Contested Conservation: Implications for Rights, Democratization, and Citizenship in Southern Africa


Two competing ideological approaches have emerged in African wildlife conservation: an exclusionary approach that is aligned with the, mostly Western, animal protection movement; and the inclusive human rights-based approach of many African governments, which reflects the opinions and rights of their citizens. The emergence of social media as a campaign tool used by animal protection organizations reduces the ability of rural African citizens to engage with policy processes affecting their rights and strengthens the ability of misinformed western citizens to assume this role.

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    The extent of the threat wildlife poses to humans is rarely appreciated by those not directly affected. In Botswana over the past 2 years, 36 people have been killed by elephants; in India, elephants kill more than 100 people every year, and in Kenya more than 200 people have been killed in the last 7 years.

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    Propaganda is described by Jowett and O’Donnell (2006) as ‘the deliberate, systematic attempt to shape perceptions, manipulate cognitions and direct behavior to achieve a response that furthers the desired intent of the propagandists’.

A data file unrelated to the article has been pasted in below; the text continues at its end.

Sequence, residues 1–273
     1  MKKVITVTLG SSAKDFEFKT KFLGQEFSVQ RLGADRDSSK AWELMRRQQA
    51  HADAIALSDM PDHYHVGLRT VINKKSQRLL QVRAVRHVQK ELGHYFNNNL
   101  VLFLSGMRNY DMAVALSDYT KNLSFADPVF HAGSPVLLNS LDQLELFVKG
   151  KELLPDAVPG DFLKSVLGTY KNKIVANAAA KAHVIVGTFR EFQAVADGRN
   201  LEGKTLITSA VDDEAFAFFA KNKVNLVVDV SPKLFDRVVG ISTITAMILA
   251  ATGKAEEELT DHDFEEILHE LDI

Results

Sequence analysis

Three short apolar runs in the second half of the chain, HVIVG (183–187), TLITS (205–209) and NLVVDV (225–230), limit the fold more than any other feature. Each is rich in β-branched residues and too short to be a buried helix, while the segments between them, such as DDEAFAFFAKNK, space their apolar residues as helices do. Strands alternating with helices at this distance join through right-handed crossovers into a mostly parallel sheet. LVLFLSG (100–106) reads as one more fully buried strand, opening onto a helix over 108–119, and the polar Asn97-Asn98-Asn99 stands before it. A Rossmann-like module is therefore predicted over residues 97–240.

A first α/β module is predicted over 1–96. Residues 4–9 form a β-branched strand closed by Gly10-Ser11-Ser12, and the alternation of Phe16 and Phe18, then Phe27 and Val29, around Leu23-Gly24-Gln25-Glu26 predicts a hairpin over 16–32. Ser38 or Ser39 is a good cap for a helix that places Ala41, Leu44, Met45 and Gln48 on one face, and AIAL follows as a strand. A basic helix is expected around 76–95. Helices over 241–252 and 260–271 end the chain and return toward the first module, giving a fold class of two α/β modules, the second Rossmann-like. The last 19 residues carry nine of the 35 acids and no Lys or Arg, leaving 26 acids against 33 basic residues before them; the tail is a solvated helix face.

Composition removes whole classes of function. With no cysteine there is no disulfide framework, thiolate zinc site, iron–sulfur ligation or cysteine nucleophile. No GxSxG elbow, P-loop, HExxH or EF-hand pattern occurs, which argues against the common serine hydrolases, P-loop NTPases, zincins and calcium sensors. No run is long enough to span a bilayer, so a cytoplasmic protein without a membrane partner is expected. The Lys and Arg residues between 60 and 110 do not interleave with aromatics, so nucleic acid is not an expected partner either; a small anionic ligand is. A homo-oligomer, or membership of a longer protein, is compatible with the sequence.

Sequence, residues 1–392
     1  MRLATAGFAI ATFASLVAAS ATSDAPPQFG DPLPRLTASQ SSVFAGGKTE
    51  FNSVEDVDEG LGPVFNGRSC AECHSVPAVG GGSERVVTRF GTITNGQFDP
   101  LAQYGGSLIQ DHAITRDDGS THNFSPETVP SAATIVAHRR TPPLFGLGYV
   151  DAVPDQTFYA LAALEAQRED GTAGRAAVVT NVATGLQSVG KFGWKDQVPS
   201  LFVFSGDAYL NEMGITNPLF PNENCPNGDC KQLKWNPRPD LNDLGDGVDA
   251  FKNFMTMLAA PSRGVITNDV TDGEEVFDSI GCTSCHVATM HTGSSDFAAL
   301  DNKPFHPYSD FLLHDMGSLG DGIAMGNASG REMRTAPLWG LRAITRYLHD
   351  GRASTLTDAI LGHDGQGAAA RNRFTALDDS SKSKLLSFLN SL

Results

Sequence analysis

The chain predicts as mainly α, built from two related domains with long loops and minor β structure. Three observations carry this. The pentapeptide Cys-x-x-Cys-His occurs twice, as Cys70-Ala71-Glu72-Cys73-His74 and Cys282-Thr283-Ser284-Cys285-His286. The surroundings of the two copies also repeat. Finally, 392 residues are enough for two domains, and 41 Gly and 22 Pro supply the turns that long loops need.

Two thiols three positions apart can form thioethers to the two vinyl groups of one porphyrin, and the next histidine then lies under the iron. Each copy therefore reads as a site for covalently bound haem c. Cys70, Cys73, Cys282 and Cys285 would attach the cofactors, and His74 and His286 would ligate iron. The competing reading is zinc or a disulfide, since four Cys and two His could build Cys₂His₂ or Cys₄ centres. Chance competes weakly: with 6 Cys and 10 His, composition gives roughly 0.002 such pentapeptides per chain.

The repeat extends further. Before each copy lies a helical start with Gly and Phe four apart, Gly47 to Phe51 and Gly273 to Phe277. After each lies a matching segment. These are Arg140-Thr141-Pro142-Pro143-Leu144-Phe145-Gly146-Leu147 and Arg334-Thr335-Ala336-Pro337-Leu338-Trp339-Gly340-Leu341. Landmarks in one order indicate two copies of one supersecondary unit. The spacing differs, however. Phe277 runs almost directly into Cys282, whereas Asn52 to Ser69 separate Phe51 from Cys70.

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Correspondence to Masego Madzwamuse.

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Madzwamuse, M., Rihoy, E. & Louis, M. Contested Conservation: Implications for Rights, Democratization, and Citizenship in Southern Africa. Development (2020) doi:10.1057/s41301-020-00237-1

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  • Inclusive conservation
  • Policy
  • Citizenship
  • Governance
  • Social media
  • Campaigns
  • Animal protection
  • Militarization
  • Natural resources
  • Rights